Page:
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Instructional design review


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  • 1. Consult your textbook for more resources:Reiser and Dempsey (2012)Trends and Issues in Instructional Design and TechnologyQUICK REVIEW OFINSTRUCTIONAL DESIGN MODELS
  • 2. Behaviorist vs. Constructivist Behaviorist-Objectivist Constructivist-Interpretivist Approach Approach•Sequential, linear, top-down, •Non-linear, chaotic, organic,systematic reflective, and collaborative•Behavioral objectives •Objectives emerge from•Designed by professional design and developmentinstructional designers •Context is crucial – not•Careful sequencing and contentteaching of subskills •Emphasis on learning and•Pre-selected knowledge is understanding in meaningfulgoal for learning contexts•Summative evaluation for •Formative evaluation throughcollecting objective data subjective data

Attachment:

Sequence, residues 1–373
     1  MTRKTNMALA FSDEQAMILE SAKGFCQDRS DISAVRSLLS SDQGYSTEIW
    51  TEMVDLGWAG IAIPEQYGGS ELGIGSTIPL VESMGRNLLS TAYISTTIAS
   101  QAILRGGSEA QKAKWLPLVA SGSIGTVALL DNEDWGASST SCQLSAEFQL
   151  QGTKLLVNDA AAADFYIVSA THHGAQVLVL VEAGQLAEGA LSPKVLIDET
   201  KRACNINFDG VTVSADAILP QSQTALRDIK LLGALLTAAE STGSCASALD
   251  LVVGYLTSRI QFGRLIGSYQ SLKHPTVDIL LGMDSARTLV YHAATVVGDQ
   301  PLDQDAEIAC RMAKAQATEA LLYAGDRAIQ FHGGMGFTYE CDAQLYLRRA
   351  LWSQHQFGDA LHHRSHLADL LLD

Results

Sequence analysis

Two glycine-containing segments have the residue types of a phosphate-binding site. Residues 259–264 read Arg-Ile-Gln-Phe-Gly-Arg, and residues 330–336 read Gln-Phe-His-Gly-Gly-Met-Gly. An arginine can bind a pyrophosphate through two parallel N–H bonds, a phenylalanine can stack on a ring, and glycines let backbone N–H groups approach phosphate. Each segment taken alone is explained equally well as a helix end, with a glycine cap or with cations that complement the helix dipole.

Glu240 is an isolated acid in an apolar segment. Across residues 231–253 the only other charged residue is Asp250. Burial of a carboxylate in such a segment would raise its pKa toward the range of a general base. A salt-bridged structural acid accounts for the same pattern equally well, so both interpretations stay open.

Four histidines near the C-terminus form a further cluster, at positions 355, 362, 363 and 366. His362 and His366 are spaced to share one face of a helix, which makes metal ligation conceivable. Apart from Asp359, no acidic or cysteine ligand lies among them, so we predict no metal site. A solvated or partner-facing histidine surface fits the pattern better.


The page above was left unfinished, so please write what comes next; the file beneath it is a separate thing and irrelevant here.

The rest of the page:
• 3. B.F. Skinner Wrote article called: The Science of Learning and the Art of Teaching (1954) Believed that increasing human learning could increase if instructional materials were effectively designed. Programmed instructional materials should:  present instruction in small steps  require overt responses to frequent questions  provide immediate feedback  allow for learner self-pacing Learner would receive positive reinforcement with the feedback they received TIP Theories – Operant Conditioning More on Skinner
  • 4. Programmed Instruction Data regarding the effectiveness of the materials were collected Instructional weaknesses were identified Materials were revised accordingly Trial and revision procedure provided formative evaluation B.F. Skinner’s Teaching Machine for Still found in current instructional Programmed design models. Instruction More on Programmed Instruction